A Bigger Shovel
The Leprosy Mission produces an internal daily devotional guide, The Bridge, for use in offices, hospitals, clinics and projects around the world. Current and former staff and trustees from many countries contribute to the guide. We will share with you contributions made by our staff team.
It must be that time of year. The minister is using that Bible passage: “God loves a cheerful giver” to encourage us to open our chequebooks, wallets and purses to support God’s work.
Every year, our Minister invites us to consider our stewardship of God’s resources. For some, this is the time to miss a Sunday and count the contents of their piggybank. Or like me you go along, curious to see the new perspective the minister brings. This year, we thought about fruits of the Spirit – not bananas and oranges, but gifts of the Holy Spirit. The sixth fruit of the Spirit is generosity (some Bible translations call this goodness).
Jesus taught more about money than any other subject. He regularly spoke of money as generous giving rather than greedy gaining. As followers of Jesus, we should give generously of the resources that God has given to us. We should invest in God’s kingdom to express our thanks for His blessings. When we give, we shouldn’t worry about our own finances, but trust God to provide and care for tomorrow: “Do not worry about tomorrow, for tomorrow will worry about itself. Each day has enough trouble of its own.” (Matt 6: 34).
Preacher Charles Spurgeon learned about this trust when he was fundraising for poor children in London. He had an ambitious target of £300 (already I can sympathise with him!). After a week’s fundraising, he’d reached his target, which would transform the lives of children. Giving thanks to God for reaching his target, Spurgeon felt God was prompting him to give the money to another preacher called George Mueller.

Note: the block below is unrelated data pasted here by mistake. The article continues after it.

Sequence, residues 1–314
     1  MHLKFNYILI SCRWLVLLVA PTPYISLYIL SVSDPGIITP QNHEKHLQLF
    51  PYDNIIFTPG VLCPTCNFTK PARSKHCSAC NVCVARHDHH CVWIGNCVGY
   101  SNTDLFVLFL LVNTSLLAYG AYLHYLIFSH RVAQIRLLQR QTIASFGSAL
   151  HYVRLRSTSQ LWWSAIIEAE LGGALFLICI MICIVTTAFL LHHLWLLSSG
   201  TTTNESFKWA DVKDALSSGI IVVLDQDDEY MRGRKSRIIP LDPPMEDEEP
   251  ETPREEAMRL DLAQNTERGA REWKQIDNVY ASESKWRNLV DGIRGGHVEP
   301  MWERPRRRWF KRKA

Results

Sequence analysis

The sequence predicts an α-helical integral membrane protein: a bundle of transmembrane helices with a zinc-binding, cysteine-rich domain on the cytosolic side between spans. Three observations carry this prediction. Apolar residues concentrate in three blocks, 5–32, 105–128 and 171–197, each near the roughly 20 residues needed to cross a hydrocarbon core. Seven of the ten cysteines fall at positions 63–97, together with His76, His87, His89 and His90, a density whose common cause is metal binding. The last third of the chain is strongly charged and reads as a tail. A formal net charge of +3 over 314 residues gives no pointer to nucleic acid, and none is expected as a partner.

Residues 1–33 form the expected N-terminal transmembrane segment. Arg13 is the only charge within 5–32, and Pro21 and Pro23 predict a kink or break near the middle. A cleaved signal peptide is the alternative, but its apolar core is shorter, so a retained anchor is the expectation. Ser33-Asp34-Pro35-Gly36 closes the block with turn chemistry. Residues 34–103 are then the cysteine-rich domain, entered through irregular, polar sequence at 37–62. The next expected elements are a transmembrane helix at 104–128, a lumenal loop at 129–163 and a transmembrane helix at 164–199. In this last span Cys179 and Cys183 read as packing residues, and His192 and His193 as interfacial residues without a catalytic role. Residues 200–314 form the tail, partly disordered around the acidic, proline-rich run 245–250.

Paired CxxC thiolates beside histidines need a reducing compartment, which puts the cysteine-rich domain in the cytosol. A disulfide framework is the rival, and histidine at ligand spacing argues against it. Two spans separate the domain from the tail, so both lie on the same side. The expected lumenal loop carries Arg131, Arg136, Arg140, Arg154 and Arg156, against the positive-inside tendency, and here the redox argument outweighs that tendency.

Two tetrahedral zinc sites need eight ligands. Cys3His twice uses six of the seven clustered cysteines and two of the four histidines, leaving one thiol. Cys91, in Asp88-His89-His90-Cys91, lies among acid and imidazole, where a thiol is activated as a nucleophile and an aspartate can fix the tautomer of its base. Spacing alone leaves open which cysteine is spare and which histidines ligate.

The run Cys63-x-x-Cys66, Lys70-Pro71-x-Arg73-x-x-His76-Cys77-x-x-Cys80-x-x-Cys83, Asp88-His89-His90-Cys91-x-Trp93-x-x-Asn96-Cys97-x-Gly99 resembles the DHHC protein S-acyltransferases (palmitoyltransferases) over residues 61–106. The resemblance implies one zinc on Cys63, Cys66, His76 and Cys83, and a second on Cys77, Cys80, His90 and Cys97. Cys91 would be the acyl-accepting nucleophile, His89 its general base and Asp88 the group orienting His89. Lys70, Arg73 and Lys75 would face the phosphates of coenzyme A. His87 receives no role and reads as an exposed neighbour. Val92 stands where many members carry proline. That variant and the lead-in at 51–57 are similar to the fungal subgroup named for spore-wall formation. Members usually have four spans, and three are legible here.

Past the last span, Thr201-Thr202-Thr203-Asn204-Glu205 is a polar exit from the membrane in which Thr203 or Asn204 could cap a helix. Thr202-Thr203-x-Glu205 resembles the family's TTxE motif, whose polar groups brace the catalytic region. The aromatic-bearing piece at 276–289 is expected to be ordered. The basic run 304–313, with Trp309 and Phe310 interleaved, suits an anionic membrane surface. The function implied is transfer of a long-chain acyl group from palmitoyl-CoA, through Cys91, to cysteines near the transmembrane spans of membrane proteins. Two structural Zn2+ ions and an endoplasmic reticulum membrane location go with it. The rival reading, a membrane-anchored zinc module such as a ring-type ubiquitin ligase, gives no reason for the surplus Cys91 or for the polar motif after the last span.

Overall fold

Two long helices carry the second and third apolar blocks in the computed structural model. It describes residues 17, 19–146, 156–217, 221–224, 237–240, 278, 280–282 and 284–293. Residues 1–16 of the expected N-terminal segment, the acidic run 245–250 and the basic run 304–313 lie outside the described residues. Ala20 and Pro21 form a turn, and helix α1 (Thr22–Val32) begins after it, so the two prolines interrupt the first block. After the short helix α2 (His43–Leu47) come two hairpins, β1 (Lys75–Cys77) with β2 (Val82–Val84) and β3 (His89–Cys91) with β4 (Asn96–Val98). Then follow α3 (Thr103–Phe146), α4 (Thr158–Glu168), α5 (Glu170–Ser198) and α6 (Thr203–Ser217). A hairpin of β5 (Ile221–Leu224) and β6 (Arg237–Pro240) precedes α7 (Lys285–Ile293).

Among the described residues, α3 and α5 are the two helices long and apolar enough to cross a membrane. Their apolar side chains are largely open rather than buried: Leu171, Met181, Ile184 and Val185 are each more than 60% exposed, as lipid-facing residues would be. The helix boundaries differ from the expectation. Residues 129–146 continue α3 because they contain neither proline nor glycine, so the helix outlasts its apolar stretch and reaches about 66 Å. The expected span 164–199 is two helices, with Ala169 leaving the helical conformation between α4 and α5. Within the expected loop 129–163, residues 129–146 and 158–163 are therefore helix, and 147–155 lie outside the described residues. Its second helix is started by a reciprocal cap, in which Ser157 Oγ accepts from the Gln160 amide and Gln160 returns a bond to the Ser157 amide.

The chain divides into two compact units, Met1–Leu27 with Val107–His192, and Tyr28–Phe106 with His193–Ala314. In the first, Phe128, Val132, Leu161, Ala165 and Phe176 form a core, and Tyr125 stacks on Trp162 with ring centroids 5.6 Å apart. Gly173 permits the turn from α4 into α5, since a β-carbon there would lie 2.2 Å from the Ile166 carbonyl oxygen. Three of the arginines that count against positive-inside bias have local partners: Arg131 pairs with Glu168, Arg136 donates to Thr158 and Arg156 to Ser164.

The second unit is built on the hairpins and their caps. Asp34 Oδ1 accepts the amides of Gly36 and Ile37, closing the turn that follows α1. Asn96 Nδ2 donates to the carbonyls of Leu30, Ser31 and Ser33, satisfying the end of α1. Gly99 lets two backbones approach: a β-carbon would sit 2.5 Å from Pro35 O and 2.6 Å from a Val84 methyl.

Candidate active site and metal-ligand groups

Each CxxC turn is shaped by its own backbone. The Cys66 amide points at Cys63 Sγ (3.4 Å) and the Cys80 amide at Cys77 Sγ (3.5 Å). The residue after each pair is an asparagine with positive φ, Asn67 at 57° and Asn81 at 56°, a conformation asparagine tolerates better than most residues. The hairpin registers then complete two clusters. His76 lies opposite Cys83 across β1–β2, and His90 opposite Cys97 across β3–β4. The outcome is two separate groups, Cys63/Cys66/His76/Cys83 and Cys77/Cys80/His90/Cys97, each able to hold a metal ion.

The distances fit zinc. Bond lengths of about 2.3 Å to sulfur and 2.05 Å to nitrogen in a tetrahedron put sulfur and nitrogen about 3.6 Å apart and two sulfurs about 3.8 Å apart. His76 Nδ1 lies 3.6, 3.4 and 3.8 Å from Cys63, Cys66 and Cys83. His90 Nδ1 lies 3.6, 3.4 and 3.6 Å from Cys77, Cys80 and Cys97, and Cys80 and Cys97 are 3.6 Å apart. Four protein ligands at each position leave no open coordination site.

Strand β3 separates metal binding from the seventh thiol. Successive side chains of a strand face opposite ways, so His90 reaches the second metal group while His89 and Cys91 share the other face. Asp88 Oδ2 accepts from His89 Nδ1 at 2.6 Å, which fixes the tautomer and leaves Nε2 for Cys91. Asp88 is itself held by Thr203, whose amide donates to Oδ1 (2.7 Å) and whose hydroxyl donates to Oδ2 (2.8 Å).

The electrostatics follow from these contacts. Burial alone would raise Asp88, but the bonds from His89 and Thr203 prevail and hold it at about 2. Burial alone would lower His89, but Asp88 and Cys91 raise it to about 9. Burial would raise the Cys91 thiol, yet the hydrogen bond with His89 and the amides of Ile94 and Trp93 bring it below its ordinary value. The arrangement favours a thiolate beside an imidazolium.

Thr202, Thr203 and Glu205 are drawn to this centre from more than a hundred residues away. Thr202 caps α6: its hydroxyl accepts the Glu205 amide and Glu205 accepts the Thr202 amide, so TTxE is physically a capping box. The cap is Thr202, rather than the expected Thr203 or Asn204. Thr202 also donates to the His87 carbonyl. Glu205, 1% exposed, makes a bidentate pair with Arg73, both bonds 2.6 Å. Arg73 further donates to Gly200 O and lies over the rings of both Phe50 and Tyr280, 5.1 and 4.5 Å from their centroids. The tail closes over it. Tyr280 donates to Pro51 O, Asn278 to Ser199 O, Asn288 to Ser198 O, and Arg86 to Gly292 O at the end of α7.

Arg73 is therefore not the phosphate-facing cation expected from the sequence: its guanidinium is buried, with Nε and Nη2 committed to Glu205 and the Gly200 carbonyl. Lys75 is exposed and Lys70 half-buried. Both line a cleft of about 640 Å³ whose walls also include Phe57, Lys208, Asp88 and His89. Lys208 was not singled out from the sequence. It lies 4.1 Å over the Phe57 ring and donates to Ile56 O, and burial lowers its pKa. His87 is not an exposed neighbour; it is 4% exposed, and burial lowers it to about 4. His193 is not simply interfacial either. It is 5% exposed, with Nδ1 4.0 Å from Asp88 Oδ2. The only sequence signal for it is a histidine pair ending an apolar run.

Imagine the scene: you’ve met your fundraising target, then sense God wants you to give it all away. I would struggle. Well, Spurgeon placed his trust in God and gave the money away to the needy cause God had told him about.
When Spurgeon returned to London, God had gone ahead of him, providing not just the £300, but a little bit more. Spurgeon’s trust had been rewarded.
Spurgeon had discovered what Christian author Joe Stowell calls ‘a bigger shovel’! “I shovel out, and God shovels in, and He has a bigger shovel than I have.”
Spend time to think how generous you are with your time, talents and treasure. Remember, we can never give more than God gives us.